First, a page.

In a closely watched case, the Supreme Court of Canada has ruled that an employer had the right to use a surplus in a defined benefit pension plan to fund a new defined contribution plan.
Canada’s Supreme Court ruled 5-2 on Friday, August 7, in favor of Kerry (Canada) Inc.’s move in 2000, upholding a July 2007 ruling by the Ontario Court of Appeal that the Woodstock, Ontario-based food products company was allowed to pay defined-contribution plan expenses from its defined-benefit pension fund after taking into account the fund’s surplus.
According to court documents, Kerry closed its defined-benefit plan in 2000 and shifted to a defined-contribution plan. The defined-benefit plan had an actuarial surplus, or the pension fund was overfunded.
Kerry then took an allowable “pension contribution holiday,” according to the court decision, and stopped paying into the defined-benefit plan while using the surplus funds to pay $850,000 in plan expenses and starting a defined-contribution plan.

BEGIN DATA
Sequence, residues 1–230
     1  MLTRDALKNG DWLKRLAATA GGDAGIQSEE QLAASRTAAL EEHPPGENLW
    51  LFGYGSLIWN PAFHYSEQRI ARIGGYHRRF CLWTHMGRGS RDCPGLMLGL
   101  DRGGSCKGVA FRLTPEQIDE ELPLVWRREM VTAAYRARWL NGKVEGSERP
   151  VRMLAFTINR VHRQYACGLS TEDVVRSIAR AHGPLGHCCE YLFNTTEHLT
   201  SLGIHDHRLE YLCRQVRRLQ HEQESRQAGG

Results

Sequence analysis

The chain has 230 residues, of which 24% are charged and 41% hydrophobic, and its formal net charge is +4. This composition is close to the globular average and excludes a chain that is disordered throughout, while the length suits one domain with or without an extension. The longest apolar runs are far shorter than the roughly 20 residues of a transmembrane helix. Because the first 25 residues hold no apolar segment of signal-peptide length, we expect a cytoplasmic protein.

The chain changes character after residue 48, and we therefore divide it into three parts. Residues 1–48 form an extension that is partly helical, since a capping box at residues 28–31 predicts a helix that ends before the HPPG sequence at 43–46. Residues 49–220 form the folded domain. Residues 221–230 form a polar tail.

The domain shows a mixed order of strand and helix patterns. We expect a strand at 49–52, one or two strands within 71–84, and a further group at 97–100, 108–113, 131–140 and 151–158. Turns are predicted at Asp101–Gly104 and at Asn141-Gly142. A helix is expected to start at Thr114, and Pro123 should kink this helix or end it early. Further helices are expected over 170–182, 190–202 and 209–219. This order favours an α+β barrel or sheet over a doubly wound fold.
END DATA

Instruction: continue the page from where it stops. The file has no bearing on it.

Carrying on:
Defined-benefit plan and DCA Employees Pension Committee members sued and sought to prevent the funds from being converted. However, the Ontario Court of Appeal ruled that an employer could stop paying pension plan expenses and take money from the plan, providing the plan allows that.
“In this case, [Kerry] was successful [and] it does not have to pay into the defined-benefit fund to cover expenses at issue and may take contribution holidays,” Justice Marshall Rothstein wrote in the court’s majority opinion. “There is no reason to penalize it by reducing the defined-benefit fund surplus and thereby reducing its opportunity for contribution holidays.”
In a dissent, Justice Louis LeBel argued that allowing the surplus to fund the defined-contribution plan “disrupts this careful” balance between providing employers incentives to create pension plans and furthering the need to protect pensioners’ rights.
“The use of fund surplus to provide contribution holidays with respect to the defined-contribution plan violates the exclusive benefit provisions in the plan documentation as it benefits all but the defined-benefit members,” Justice LeBel wrote in his dissent.